New Delhi, Dec 10, 2019: India for the first time has ranked among the top ten countries in the Climate Change Performance Index (CCPI) that was presented on Tuesday at the COP25 Climate Summit in Madrid, Spain, according to a report. In 2019’s index, India has jumped to the ninth position from 2018’s 11th rank. The ranking results are defined by a country’s aggregated performance in 14 indicators within the four categories “GHG Emissions”, “Renewable Energy” and “Energy Use”, as well as on “Climate Policy”, in a globally unique policy section of the index said the Germanwatch and New Climate Institute.
Accordingly, India’s current levels of per capita emissions and energy use are still comparatively low and, along with ambitious 2030 targets, result in high ratings for the GHG Emissions and Energy Use categories. While the country receives an overall medium rating in the Renewable Energy category, India’s 2030 renewable energy target is rated very high for its well-below 2°C compatibility, Zee reported.
Experts have commended the government for strong policies to support the expansion of renewable energy, which is needed to meet the ambitious targets as recent renewable energy capacity additions are below the level required. Despite an overall high rating for its Climate Policy performance, experts point out that the government has yet to develop a roadmap for the phase-out of fossil fuel subsidies that would consequently reduce the country’s high dependence on coal.
The CCPI 2020 results illustrate the main regional differences in climate protection and performance within the 57 evaluated countries and the EU. No country yet performs well enough in all index categories to achieve an overall very high rating in the index. Therefore, once again the first three ranks remained empty.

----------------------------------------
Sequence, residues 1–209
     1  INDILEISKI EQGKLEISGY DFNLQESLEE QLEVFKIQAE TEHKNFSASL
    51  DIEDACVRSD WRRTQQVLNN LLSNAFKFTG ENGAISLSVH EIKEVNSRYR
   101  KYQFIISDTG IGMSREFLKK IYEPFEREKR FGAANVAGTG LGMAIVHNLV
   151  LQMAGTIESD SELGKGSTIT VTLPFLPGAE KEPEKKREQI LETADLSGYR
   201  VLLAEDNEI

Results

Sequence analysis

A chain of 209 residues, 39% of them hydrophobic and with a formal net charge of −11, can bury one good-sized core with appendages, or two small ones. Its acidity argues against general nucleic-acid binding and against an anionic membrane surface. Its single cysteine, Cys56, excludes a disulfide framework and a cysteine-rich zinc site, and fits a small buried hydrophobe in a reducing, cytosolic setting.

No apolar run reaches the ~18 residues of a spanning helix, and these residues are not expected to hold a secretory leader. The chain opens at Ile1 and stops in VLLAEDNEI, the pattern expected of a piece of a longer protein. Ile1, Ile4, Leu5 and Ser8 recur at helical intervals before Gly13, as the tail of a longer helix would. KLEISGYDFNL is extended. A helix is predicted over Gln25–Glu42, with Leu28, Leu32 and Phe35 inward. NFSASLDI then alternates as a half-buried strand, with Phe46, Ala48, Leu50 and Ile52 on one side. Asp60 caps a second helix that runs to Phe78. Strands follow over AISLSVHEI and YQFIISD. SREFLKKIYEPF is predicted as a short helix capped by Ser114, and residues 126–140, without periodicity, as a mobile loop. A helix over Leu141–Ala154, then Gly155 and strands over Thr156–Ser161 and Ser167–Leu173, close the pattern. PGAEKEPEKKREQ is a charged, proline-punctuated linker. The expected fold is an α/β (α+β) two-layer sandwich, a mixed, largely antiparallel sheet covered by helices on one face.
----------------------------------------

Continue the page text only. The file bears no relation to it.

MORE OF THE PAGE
In this year’s index, Sweden leads the ranking on rank 4, followed by Denmark (5) and Morocco (6). The bottom five in this year’s CCPI are Islamic Republic of Iran (57), Republic of Korea (58), Chinese Taipei (59), Saudi Arabia (60) and the United States (61), rated low or very low across almost all categories. The US is the worst performer for the first time. While only two G20 countries, the UK (7th) and India (9th), are ranked in the "high" category, eight G20 countries are remaining in the worst category of the index ("very low").
The Climate Change Performance Index by Germanwatch and NewClimate Institute published together with the Climate Action Network (CAN) is a ranking of the 57 countries (new: Chile) and the EU, collectively responsible for about 90% of global GHG emissions. The four categories assessed are--GHG Emissions (40%), Renewable Energy (20%), Energy Use (20%) and Climate Policy (20%). The latter is based on expert assessments by NGOs and think tanks from the respective countries.
Within the categories GHG Emissions, Renewable Energy and Energy Use the CCPI also evaluates to what extent the respective countries are taking adequate action to be on track towards the global Paris-goal of limiting global warming to well below 2°C. Therefore, CCPI is an important tool to enhance transparency in international climate politics and enables comparison of climate protection efforts and progress made by individual countries.